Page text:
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Die Zauberreise in die Ritterzeit

[Image:Moving Theatre logo]Die Zauberreise in die Ritterzeit
oder Die Obermütigen

The Magic Journey into the Days of the Knights
or The Exuberant Ones

Farce Parody in 3 Acts, with a prologue: present and past
By Johann Nestroy
Premiere: Vienna 20 October 1832.

Funded by

Arts council of England

Austrian Cultural Forum

Die Gegenwart, [the present] a powerful fairy
die Zukunft, a child not yet of age
Die Vergangenheit, [the past] fairy and mother of the present
Furiosus, Morosus, subservient spirits of the fairy of the present
Polycarpus Sapprawalt, a rich gentleman of private means
Eulalie, his daughter
Simplicius Sapprawalt, his nephew
Lady von Dukatenstein, a rich lady, sister-in-law to Sapprawalt
Petronella, her daughter
Herr von Geldsack, Lady von Dukatenstein’s nephew
Miss Gicks
Sir von Scherwenzl
Miss Blond
Miss Duft
Miss Spitz
Sir von Scharf
Miss von Haubenband, widow
Fräulein Giraff
Bernhard, Servants at Sapprawalt’s
Ottomar von Eisenfels, a young knight
Knight Blasius von Humpenberg
Kunigunde, his daughter
Bertram, castellan at Humpenberg’s
Kuno von Doppelschwerdt
His wife
Hildegardis von Tiefenstein, his sister
Knight Eichenwald, Kunigunden’s fiancé
Knight Kleeberg, his Friend
Ritter Fust von Stein
Veit, his servant
A guard of a dungeon
Ball guests, servants, spirits, nymphs, knights, etc.

[Chorus]. Lady von Dukatenstein (the name means ‘ducat-stone’ in German) her nephew Geldsack (the name means ‘money bag’) go to see the fairy of the present, emerging from a six foot high letter. They ask the fairy of the present for help, because the folly of the family Sapprawalt is putting the spanner in the works of two marriages which have been arranged between Lady von Dukatenstein’s daughter Petronella and Simplicus Sapprawalt, and Geldsack and Eulalie Sapprawalt. The book of truth reveals that the family is convinced that the present has nothing to offer compared to the past – and indeed, Eulalie spends all her time reading novels about knights and feudal times. The fairy of the present decides to teach them a lesson by showing them what the past is really like. After a ball she places a spell on Eulalie, Simplicus and their father Polycarpus, sending them back in time to feudal times.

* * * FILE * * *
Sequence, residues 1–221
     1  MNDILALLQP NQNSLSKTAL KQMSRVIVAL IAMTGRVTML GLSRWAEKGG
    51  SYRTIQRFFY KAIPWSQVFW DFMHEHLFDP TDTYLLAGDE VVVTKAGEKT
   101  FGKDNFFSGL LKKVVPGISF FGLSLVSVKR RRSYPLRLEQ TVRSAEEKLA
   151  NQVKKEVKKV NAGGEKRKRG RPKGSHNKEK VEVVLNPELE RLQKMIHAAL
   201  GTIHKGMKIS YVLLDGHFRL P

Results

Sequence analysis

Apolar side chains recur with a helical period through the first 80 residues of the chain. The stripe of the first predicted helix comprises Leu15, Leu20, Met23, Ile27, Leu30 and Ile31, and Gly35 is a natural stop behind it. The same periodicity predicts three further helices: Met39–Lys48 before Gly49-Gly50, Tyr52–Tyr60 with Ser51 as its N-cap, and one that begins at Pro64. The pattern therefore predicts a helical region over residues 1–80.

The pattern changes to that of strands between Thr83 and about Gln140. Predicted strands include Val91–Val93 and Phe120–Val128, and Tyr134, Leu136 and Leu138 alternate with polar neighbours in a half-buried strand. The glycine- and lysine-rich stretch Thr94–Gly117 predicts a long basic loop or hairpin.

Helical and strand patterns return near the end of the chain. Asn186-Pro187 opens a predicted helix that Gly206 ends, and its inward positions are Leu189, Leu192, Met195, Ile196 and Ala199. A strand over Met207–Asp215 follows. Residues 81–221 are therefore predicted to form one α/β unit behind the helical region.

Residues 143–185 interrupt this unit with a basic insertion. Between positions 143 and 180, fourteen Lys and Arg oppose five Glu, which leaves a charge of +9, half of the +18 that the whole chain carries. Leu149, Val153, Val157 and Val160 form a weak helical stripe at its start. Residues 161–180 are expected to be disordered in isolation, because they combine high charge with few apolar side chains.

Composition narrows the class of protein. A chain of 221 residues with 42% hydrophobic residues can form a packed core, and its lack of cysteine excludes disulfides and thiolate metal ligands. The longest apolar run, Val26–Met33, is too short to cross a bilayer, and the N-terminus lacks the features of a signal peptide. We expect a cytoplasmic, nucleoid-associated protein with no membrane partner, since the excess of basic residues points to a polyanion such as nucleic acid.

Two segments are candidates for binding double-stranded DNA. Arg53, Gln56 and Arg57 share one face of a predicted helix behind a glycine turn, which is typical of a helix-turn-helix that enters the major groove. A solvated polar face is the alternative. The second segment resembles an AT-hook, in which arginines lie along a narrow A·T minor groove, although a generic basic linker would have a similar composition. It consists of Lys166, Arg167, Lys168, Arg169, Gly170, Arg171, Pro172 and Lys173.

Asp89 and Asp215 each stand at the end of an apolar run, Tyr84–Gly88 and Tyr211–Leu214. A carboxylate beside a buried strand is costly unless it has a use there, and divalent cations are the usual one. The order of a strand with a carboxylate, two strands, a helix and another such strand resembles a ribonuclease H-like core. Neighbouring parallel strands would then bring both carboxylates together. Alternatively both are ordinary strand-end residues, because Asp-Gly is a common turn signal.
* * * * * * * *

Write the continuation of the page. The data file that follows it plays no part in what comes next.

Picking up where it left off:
[Chorus]. Geldsack has also been sent back in time, as he requested, but is disappointed to discover that Eulalie treats him just as badly as she did in the present. [song]. At first the family Sapprawalt enjoy living in feudal times. Ottomar the robber baron, asks for Eulalie’s hand in marriage, and to Eulalie’s joy, Polycarpus readily agrees, forgetting Geldsack’s claim. However the marriage doesn’t turn out as Eulalie had imagined – instead of fine clothes and feasting, Ottomar insists she concentrate solely on the housekeeping. On discovering Geldsack’s attempts to get close to Eulalie, Ottomar throws him into the dungeon – in spite of the money Geldsack offers him. Meanwhile Polycarpus and Simplicus win a tournament through the machinations of the fairy of the present, who is intending to teach them a lesson. On winning, they try to seduce the ladies handing out the prizes, bringing the wrath of the knights on their heads. Polycarpus and Simplicus do not understand the rituals of feudal times and end up being thrown into the same dungeon as Simplicus, where they are left to starve. All attempts to bribe the guard come to nothing, as he points out that he’s been promised their money when they die anyway. Finally Polycarpus and Simplicus realise the error of their ways, and the fairy of the present returns them all to the present. Delighted, Eulalie promises never to treat Geldsack badly again, and Simplicus is glad to marry Petronella. [Final song]


The Plays of Johann Nestroy. A directory of synopses prepared by Julian Forsyth & Zoe Svenson.
Funded by the Austrian Cultural Forum and Arts Council England. © Moving Theatre 2004